The new main request should not be admitted because it is not prima facie allowable and because it is not clear why it has not been filed before, since the objection of insufficiency of disclosure had been discussed since the opposition proceedings. The new request is the amendment of an auxiliary request filed five weeks before the oral proceedings before the board. At all stages of the seven years of the opposition proceedings, the respondent has contented itself with filing counter-arguments instead of filing amended sets of claims. The respondent should not be allowed to change its strategy at this late point in the proceedings.

There are many reasons why the new main request cannot overcome the objections based on Article 83 EPC. A first aspect consists of the interaction of features 6 and 7. Feature 6 refers to all particles and not to each individual particle. If something different is meant, the feature would refer to "each particle" rather than to "the particles". Thus there is an unsurmountable contradiction between features 6 and 7.

Moreover, the standard deviation according to feature 7 is presented as being "between 40 and 100 µm". However, claim 1 requires that the standard deviation be "40-100 µm". The skilled person would have immediately understood that the mean value has to be at 70 µm. This is also the understanding of paragraph [0024] ("The standard deviation of the particle size is, for example, at least 40 µm and preferably less than 100 µm. In another embodiment the particles may all generally be the same size, having a standard deviation of less than 5 µm.") And even if a different interpretation is adopted, the particle size has to be somewhere between 40 and 100 µm. Assuming a Gauss curve, the value of the D50 average particle size is 70 µm. However, there are no exemplary embodiments for this standard deviation. Example 6 has a D50 value of 18 µm. This value cannot possibly be reconciled with a standard deviation of 40-100 µm. Example 7 is a case in which all the particles protrude above the ink layer by a height X of greater than 40 µm, which can be seen from the fact that the number of particles/mm² is the same for X = 10, 20, 30 and 40 µm.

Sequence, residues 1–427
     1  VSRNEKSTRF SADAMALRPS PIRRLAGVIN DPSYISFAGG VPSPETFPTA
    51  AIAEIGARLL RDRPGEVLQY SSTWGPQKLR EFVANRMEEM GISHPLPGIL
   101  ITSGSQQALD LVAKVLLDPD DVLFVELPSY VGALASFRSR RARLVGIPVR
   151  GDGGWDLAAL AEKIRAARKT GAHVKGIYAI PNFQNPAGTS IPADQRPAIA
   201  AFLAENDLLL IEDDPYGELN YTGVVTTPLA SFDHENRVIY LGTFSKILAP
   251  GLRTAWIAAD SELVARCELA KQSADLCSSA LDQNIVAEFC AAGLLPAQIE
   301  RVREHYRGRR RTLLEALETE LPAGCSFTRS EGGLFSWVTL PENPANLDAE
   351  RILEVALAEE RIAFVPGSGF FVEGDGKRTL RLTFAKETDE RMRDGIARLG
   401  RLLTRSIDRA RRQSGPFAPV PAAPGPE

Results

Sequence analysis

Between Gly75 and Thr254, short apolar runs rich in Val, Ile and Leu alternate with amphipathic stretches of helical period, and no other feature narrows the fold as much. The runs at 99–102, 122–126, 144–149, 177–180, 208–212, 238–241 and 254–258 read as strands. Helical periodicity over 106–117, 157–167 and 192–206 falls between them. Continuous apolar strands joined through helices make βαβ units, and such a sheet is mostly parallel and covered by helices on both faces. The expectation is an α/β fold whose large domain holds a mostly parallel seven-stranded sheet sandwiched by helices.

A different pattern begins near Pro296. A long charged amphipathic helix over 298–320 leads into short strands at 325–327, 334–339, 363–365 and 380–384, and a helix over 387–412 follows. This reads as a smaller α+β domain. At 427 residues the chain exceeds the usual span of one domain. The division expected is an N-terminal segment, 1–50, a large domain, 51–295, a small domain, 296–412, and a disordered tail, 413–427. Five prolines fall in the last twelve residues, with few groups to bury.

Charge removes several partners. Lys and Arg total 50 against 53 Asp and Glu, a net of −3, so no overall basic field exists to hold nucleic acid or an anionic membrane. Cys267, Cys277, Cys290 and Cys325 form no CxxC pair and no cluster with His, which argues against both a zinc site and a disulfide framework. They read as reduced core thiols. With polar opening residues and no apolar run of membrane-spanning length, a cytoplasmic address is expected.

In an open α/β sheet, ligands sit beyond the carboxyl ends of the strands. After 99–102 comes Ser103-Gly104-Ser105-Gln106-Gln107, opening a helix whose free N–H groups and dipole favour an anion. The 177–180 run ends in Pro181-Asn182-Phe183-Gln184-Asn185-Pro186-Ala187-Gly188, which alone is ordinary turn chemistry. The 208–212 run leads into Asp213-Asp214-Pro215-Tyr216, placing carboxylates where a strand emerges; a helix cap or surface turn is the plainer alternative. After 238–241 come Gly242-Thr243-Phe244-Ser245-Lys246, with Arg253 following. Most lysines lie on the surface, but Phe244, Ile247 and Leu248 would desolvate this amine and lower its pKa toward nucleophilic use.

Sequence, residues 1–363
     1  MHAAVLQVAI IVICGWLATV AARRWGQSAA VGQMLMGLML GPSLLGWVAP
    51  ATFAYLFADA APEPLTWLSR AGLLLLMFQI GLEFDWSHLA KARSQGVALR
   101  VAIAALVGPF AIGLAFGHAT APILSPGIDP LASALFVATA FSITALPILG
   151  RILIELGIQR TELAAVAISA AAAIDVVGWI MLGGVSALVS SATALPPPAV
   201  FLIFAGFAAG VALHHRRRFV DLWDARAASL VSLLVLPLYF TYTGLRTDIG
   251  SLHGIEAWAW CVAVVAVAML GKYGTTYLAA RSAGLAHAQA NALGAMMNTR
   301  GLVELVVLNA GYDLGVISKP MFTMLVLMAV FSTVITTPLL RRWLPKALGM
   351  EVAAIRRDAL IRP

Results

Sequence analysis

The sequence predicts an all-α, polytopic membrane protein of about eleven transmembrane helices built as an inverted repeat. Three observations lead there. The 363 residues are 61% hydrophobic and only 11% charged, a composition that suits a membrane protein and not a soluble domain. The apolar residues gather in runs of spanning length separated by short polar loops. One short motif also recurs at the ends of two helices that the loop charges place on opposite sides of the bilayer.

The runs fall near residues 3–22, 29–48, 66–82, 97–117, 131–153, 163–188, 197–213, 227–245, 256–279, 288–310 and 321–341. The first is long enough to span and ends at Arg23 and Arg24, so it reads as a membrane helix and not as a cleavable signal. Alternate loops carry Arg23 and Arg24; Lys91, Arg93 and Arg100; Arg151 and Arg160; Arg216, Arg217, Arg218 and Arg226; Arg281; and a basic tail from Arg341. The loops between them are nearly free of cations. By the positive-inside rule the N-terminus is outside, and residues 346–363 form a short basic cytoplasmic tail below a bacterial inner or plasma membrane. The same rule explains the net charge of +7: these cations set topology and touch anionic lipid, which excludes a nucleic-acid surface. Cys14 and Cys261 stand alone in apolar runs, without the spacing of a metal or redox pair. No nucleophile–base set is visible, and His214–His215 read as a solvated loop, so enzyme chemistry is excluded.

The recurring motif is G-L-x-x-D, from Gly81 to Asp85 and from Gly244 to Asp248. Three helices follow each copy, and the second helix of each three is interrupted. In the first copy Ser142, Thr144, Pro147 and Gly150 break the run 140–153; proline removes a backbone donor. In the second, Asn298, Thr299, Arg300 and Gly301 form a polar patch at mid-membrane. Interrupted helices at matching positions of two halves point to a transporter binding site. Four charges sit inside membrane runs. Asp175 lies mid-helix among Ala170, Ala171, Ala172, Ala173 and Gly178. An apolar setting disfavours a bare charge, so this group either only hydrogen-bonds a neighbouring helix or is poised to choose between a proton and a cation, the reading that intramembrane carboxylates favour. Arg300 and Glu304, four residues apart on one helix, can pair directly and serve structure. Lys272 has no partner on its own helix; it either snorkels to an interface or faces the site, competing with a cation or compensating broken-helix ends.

This is not surprising, because D50 is 90 µm for a resin thickness of 40 µm. Consequently, Example 7 does not correspond to what is now claimed either. There is a gap between 20 and 40 µm for which the patent does not provide any example. Examples 6 and 7 both refer to screen ink for screen printing. However, claim 1 also encompasses e.g. intaglio printing, as is clear from dependent claim 10. This is not a trivial matter, in particular because the particle shapes, protrusions and distributions should not be modified by the printing process. Significant pressures are exerted during intaglio printing. Finally, examples 6 and 7 both refer to very specific inks based on resin with a resin:particle weight proportion of 70:30. There is no disclosure for other inks or proportions.

Since the new request does not overcome the objection that has led to the board's finding that the former main request is insufficiently disclosed, it should not be admitted.

Moreover, feature 7 is almost irrelevant because the tactility results from the protruding particles. It is not clear whether and how the fact that particles of different sizes are used would increase the roughness. Furthermore, there is still no objective test to know whether or not a security feature is tactile.

(b) Admittance of auxiliary request 2

(i) Appellants (opponents)

This auxiliary request should not be admitted. The request is problematic because of the feature "spherical particles" and the fact that feature 6 has been deleted. The feature "spherical particles" is not a limitation of the former feature 6. The former feature 6 referred to all particles (and not each particle, as argued by the respondent) and defined a condition for the relative particle sizes. This has nothing to do with the shape of the particles and in particular with them being spherical. The deletion of the former feature 6 violates the prohibition of reformatio in peius.